Sex trafficking and the role of state police within Australia

Angeleke Elfes, Philip Birch

Research output: Contribution to journalArticlepeer-review

1 Citation (Scopus)

Abstract

Purpose – The purpose of this paper is to examine operational policing practice with reference to reducing sex trafficking.
Design/methodology/approach – This is a qualitative study in which in-depth structured interviews were conducted with state police officers in one state of Australia.
Findings – The paper reveals that state police officers have a good understanding of sex trafficking and are involved in reactive policing methods in order to reduce this crime type. The data set yields a limitation in
proactive policing methods for reducing sex trafficking, primarily due to human and financial resources and the composition of state and federal laws and policing practices in Australia. Those interviewed also noted how sex trafficking can disguise itself as legitimate sex work.
Research limitations/implications – The effectiveness in operational practice at the local, national and international level in reducing sex trafficking can be enhanced through a more co-ordinated response to the problem. Recognition of better communication strategies and partnership working can support a reduction in sex trafficking as well as allowing those who are trafficked the status of “victim”.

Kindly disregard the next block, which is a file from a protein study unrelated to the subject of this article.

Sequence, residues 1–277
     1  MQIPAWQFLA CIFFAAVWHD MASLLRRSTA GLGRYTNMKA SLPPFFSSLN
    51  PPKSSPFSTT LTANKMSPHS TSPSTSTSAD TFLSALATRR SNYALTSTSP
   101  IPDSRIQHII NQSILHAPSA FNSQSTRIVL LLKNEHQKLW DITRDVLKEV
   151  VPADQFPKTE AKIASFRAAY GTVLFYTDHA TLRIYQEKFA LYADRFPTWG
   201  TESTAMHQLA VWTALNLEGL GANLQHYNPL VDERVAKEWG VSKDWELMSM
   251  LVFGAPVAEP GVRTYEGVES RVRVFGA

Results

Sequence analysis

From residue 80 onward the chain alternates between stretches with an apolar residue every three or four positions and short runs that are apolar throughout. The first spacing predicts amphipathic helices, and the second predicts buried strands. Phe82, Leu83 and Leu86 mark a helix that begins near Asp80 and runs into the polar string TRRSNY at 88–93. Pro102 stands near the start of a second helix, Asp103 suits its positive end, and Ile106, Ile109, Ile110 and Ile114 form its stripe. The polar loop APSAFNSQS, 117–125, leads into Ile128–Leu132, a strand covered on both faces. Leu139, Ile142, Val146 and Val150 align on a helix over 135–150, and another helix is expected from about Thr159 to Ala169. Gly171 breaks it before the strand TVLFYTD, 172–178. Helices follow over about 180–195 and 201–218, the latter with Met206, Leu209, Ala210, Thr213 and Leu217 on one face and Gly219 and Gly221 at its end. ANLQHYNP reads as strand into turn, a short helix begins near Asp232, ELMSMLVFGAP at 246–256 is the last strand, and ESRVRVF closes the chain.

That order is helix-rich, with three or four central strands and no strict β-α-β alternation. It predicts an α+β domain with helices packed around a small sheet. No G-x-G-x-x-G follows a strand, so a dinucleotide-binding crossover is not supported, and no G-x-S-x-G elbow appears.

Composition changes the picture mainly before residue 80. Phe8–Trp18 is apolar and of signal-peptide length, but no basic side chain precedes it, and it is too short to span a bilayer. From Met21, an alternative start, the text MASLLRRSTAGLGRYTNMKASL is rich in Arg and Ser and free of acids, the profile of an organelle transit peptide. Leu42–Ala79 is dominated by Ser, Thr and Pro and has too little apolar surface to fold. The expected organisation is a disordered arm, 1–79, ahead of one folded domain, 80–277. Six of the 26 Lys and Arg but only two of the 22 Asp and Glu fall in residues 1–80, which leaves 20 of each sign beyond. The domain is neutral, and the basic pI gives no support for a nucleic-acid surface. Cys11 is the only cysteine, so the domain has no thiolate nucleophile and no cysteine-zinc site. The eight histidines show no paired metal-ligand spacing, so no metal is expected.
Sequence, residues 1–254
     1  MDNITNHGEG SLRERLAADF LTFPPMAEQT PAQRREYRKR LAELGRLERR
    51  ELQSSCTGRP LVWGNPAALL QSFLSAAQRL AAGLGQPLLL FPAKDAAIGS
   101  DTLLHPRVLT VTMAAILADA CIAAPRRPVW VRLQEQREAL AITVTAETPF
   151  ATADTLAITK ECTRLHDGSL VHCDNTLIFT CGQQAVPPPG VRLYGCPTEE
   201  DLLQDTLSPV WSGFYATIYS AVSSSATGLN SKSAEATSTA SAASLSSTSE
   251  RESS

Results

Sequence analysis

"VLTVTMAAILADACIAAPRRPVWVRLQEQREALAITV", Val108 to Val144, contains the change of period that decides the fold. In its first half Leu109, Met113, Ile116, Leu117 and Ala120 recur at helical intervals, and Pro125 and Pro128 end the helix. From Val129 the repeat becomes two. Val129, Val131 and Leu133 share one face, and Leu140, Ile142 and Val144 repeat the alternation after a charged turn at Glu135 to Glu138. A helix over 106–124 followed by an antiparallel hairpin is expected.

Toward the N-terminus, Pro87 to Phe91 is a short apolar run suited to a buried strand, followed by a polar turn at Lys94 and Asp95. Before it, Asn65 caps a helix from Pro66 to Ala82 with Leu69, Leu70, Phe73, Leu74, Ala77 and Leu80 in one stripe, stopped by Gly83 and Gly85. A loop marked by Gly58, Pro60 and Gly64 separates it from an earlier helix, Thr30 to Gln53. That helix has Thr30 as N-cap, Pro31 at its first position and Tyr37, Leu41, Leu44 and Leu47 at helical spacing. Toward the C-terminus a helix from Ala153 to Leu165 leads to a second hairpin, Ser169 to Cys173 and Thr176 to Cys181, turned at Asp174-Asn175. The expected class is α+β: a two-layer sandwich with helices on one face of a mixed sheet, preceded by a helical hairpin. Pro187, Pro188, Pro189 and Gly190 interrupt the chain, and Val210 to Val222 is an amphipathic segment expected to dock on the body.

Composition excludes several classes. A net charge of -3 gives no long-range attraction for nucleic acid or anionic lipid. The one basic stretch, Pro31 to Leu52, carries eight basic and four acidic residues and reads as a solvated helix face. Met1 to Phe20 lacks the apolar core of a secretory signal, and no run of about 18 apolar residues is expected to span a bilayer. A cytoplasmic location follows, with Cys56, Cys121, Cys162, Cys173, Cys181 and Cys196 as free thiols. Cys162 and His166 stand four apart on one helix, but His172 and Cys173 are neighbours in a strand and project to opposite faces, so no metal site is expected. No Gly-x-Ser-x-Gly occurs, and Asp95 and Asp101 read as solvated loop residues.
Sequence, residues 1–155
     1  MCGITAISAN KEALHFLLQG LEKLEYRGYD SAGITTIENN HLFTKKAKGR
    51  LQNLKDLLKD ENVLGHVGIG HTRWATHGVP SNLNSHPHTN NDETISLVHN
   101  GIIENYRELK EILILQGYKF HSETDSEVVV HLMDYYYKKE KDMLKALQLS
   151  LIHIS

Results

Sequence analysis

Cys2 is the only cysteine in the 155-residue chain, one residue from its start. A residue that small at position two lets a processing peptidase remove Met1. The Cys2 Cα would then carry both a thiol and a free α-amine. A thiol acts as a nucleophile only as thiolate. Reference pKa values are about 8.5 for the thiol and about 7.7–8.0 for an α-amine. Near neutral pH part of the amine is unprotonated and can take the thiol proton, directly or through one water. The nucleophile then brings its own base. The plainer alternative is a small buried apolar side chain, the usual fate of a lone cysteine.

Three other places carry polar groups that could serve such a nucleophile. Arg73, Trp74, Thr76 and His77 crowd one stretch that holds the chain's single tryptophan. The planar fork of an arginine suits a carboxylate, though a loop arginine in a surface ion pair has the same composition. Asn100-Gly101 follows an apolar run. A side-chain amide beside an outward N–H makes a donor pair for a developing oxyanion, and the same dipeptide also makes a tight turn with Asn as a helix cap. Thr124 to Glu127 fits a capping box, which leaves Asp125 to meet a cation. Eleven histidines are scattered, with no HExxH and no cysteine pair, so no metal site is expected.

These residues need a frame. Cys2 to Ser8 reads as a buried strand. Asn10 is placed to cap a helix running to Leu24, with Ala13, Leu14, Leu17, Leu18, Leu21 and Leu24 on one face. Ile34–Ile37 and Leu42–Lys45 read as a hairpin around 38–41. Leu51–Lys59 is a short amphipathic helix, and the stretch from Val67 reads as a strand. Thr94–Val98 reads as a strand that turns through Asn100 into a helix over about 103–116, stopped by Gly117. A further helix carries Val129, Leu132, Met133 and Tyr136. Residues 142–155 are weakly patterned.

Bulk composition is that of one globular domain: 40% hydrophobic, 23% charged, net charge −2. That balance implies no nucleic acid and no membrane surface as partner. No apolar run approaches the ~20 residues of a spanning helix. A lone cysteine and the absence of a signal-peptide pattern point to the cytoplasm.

Practical implications – To ensure those who are trafficked for sexual servitude are viewed and treated as victims within the law. To review how state police forces in Australia are resourced in order to proactively address sex trafficking. To ensure state police forces can engage in more proactive policing initiatives in order to prevent sex trafficking. Reflect on examples of good practice between federal and state police forces in Australia to implement a co-ordinated approach for combatting sex trafficking.
Originality/value – This is one of just a few studies examining organised crime from the perspective of law enforcement personnel within Australia.
Original languageEnglish
Pages (from-to)67-75
Number of pages10
JournalJournal of Criminological Research, Policy and Practice
Volume1
Issue number2
DOIs
Publication statusPublished - 2015

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